Monday, January 17, 2022

Today in Comics History, January 17: Happy birthday, Muhammad Ali!

Born on this day in 1942: professional boxer, heavyweight champion of the world, and the G.O.A.T. (and that's not "goat" as in the Charlie Brown sense): Muhammad Ali!

Ali's been in so many comic books it'd be a lonnnnnnng post to show them all (not that that ever stops me), but in this case, let's look in on a wonderful moment from one of the greatest comics of all time, a little thing called All-New Collector's Edition #C-56, but which you 'n' I know better as the gigantisized Superman vs. Muhammad Ali!

from All-New Collectors' Edition #C-56 (DC, March 1978), story by Denny O'Neil, script and pencils by Neal Adams, inks by Dick Giordano, colors by Cory Adams, letters by Gaspar Saladino

That's not really doing justice to this image or giving you the full grandeur of it. Picture that image as a double-page spread of a treasury edition, twenty inches wide! Wow!

And, as long as we're here, let's revisit a popular feature on this blog where I show you a spread of the boxing match between the Man of Steel and the Greatest of All Time. Now tell me...can you find...Muhammad Ali?

cover of All-New Collectors' Edition #C-56 (DC, March 1978), layout by Joe Kubert, pencils by Neal Adams, inks by Neal Adams (?) and/or Cory Adams (?), logo design by John Workman
(Click top picture to GOAT-size)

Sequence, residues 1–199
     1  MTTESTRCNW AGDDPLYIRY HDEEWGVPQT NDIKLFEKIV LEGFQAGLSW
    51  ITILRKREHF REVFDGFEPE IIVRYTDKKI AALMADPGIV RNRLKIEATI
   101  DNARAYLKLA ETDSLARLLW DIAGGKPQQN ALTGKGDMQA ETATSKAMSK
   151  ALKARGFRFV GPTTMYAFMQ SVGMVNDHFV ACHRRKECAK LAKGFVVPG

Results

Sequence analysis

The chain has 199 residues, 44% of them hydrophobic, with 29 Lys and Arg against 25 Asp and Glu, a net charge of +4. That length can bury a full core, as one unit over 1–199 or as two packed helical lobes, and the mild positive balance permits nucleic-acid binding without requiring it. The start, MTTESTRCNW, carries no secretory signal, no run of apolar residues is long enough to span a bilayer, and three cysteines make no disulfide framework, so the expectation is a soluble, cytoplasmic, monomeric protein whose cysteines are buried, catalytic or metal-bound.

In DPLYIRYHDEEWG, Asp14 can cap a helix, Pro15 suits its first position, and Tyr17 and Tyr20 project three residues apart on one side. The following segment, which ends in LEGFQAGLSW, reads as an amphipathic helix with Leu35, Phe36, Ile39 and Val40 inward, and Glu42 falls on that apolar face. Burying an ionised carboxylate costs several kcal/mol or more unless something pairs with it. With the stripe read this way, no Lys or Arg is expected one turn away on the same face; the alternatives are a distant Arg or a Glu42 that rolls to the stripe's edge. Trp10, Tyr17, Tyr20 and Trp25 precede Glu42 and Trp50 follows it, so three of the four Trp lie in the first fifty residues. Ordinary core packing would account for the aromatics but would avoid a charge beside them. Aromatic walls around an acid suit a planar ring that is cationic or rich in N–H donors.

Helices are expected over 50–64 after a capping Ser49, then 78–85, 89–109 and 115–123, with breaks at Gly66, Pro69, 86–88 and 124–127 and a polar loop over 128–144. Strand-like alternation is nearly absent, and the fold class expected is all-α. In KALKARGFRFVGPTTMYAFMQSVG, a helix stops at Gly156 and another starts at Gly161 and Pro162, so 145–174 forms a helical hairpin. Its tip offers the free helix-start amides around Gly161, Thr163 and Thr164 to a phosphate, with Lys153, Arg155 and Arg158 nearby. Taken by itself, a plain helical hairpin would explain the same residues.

Say, Superman, did you ever learn your lesson from Ali?

from Action Comics #904 (DC, October 2011), script by Paul Cornell, pencils and inks by Axel Giménez, colors by Brad Anderson, letters by Rob Leigh

Happy birthday, Champ.

Today in Comics History, January 17, 1945: The Day the Rocketeer fought a Japanese Octopus Submarine*

from "Dear Betty" in Rocketeer Adventures (2011 series) #1 (IDW, May 2011), script by Kurt Busiek, pencils and inks by Mike Kaluta, colors by Dave Stewart, letters by Chris Mowry

*But for him, it was a Wednesday.

Today in Comics History, January 17: Happy birthday, David Lloyd George!

Born on this day in 1863: David Lloyd George, British statesman and 53rd (if I've counted correctly) Prime Minister of the United Kingdom. Also, not much of an action star, which is why the only comic book cameo I can find for him is an uncredited appearance, shown from the back! Nice square haircut, David!

from The Invaders (1975 series) #8 (Marvel, September 1976), script by Roy Thomas, pencils by Frank Robbins, inks by Frank Springer, colors by Petra Goldberg, letters by John Costanza

Happy birthday, Notorious D.L.G.!

Today in Comics History, January 17: Happy birthday, Anne Brontë!

Born on this day in 1820: Anne Brontë, the Brontë sister who wrote Agnes Grey and The Tenant of Wildfell Hall, novels which are not Jane Eyre or Wuthering Heights and therefore she doesn't get as much attention as her two spotlight-hoarding sisters. Poor Anne never even got a Classics Illustrated! Let's rectify that with some appearances of Anne in comic books, shall we? Except...they're all with her sisters. Oh well!

from "The Child of Time" in Doctor Who Magazine #439 (Panini, October 2011), script by Jonathan Morris, pencils by Martin Geraghty, inks by David A. Roach, colors by James Offredi, letters by Roger Langridge

So happy birthday, Anne, and tell those sisters of yours to back off, bees! It's your day for once!

"Dude Watchin' with the Brontës" and "Actor, Currer, and Ellis Bell" in Hark! A Vagrant (Drawn + Quarterly, September 2011), by Kate Beaton

Today in Comics History, January 17: Happy birthday, Betty White!